fied recombinant proteins. These include a Ni2+ matrix
Hydrophobic interaction chromatography separates             that binds proteins with an attached polyhistidine “tag”
proteins based on their tendency to associate with a sta-    and a glutathione matrix that binds a recombinant pro-
tionary phase matrix coated with hydrophobic groups          tein linked to glutathione S-transferase.
(eg, phenyl Sepharose, octyl Sepharose). Proteins with
exposed hydrophobic surfaces adhere to the matrix via
hydrophobic interactions that are enhanced by a mobile       Peptides Are Purified by Reversed-Phase
phase of high ionic strength. Nonadherent proteins are       High-Pressure Chromatography
first washed away. The polarity of the mobile phase is
then decreased by gradually lowering the salt concentra-     The stationary phase matrices used in classic column
tion. If the interaction between protein and stationary      chromatography are spongy materials whose compress-
phase is particularly strong, ethanol or glycerol may be     ibility limits flow of the mobile phase. High-pressure liq-
added to the mobile phase to decrease its polarity and       uid chromatography (HPLC) employs incompressible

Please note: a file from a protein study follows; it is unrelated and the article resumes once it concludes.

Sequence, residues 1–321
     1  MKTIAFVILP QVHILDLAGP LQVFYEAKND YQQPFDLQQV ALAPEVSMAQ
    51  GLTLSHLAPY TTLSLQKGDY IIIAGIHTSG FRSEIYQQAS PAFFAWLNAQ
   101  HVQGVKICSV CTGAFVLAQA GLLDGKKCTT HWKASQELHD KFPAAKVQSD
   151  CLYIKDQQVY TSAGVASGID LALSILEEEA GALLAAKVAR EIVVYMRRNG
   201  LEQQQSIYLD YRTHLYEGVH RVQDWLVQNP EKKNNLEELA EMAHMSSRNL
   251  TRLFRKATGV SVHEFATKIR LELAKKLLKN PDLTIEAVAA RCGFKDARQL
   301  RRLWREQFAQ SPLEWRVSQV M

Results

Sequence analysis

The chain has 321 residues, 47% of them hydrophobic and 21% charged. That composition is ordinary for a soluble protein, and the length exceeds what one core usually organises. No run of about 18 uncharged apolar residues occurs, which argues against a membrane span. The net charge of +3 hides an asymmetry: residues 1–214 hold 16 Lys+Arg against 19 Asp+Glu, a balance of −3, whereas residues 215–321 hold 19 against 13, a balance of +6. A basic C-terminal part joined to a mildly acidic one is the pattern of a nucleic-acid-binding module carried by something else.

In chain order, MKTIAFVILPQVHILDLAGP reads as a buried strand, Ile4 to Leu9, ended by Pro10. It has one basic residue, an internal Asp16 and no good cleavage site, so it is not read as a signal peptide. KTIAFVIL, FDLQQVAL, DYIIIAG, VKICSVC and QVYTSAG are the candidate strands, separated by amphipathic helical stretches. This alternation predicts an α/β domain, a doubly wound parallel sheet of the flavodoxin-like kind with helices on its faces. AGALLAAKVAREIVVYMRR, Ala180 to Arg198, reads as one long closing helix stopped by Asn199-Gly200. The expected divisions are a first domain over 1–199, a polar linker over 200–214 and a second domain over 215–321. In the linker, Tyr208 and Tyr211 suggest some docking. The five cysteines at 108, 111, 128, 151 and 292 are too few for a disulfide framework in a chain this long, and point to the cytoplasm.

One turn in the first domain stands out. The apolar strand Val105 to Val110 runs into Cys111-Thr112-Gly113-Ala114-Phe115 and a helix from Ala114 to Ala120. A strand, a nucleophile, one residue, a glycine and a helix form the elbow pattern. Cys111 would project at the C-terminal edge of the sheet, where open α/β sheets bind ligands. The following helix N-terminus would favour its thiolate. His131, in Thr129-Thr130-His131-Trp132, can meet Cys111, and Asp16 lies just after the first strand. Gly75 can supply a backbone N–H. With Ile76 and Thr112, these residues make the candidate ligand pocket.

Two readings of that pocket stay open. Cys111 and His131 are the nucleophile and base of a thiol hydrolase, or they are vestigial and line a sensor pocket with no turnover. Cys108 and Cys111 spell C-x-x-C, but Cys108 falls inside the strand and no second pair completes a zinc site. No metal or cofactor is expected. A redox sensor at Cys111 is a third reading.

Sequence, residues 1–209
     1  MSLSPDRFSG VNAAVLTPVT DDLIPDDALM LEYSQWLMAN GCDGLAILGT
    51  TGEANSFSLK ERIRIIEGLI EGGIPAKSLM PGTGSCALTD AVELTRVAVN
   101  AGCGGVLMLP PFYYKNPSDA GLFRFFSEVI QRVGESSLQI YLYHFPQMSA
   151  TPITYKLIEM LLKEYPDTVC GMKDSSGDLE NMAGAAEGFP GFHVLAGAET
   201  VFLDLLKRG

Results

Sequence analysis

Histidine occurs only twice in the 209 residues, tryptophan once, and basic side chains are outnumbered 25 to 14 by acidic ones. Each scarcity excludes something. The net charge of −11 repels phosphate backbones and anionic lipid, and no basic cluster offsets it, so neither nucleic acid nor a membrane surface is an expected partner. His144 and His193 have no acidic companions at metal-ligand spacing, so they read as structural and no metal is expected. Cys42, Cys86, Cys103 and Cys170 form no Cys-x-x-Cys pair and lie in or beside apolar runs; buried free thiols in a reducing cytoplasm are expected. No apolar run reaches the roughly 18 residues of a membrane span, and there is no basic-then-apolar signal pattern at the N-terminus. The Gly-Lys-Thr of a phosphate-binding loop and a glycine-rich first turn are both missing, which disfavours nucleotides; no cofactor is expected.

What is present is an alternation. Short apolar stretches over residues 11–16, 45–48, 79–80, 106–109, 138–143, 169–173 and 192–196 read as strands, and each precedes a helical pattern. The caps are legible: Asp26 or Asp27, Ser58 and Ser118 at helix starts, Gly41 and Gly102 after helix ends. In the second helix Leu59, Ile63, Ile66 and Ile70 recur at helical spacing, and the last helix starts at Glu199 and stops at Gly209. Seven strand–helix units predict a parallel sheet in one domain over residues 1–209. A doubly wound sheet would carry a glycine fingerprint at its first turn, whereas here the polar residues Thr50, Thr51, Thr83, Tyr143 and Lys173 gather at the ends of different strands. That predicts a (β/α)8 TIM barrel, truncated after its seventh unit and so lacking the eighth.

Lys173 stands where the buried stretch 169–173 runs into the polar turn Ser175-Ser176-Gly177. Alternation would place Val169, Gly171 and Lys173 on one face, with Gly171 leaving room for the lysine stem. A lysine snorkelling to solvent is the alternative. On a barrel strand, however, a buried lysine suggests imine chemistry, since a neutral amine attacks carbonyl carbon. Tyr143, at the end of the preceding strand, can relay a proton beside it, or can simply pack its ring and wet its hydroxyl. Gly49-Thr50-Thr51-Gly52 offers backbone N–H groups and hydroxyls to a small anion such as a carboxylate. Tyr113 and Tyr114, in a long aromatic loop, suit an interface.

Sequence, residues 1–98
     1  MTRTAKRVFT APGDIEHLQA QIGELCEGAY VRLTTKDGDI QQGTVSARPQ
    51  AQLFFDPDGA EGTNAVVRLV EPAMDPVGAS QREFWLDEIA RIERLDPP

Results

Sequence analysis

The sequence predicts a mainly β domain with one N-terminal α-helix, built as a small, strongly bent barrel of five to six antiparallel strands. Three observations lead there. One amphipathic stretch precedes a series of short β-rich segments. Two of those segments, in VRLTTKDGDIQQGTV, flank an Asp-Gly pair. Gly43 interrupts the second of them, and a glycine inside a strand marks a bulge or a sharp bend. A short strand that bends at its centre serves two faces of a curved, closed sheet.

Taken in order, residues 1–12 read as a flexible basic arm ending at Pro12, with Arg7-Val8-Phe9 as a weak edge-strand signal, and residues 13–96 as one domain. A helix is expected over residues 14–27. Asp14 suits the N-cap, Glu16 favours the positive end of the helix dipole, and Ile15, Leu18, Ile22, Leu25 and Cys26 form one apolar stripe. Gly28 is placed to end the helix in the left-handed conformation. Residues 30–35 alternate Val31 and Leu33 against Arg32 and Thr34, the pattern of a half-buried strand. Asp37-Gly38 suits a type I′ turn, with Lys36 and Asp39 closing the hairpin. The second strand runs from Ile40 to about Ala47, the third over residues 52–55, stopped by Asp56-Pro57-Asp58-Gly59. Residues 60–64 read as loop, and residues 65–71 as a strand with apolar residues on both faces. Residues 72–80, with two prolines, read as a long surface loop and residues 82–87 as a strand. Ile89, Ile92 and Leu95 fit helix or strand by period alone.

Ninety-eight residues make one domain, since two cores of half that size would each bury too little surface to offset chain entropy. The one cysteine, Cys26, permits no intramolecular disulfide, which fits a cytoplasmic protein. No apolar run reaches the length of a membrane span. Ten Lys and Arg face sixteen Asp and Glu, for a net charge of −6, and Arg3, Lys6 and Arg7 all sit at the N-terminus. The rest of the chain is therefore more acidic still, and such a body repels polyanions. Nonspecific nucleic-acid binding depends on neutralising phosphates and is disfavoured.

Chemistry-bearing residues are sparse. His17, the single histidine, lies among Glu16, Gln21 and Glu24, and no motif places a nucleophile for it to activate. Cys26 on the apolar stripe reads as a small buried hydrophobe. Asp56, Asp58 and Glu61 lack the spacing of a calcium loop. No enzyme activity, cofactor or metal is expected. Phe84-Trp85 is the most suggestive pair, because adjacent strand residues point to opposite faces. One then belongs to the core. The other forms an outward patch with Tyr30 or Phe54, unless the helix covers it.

further weaken hydrophobic interactions.                     silica or alumina microbeads as the stationary phase and
                                                             pressures of up to a few thousand psi. Incompressible
                                                             matrices permit both high flow rates and enhanced reso-
Affinity Chromatography                                      lution. HPLC can resolve complex mixtures of lipids or
Affinity chromatography exploits the high selectivity of     peptides whose properties differ only slightly. Reversed-
most proteins for their ligands. Enzymes may be puri-        phase HPLC exploits a hydrophobic stationary phase of
24    /   CHAPTER 4

aliphatic polymers 3–18 carbon atoms in length. Peptide      through the acrylamide matrix determines the rate of
mixtures are eluted using a gradient of a water-miscible     migration. Since large complexes encounter greater re-
organic solvent such as acetonitrile or methanol.            sistance, polypeptides separate based on their relative
                                                             molecular mass (Mr). Individual polypeptides trapped
Protein Purity Is Assessed by                                in the acrylamide gel are visualized by staining with
Polyacrylamide Gel Electrophoresis                           dyes such as Coomassie blue (Figure 4–4).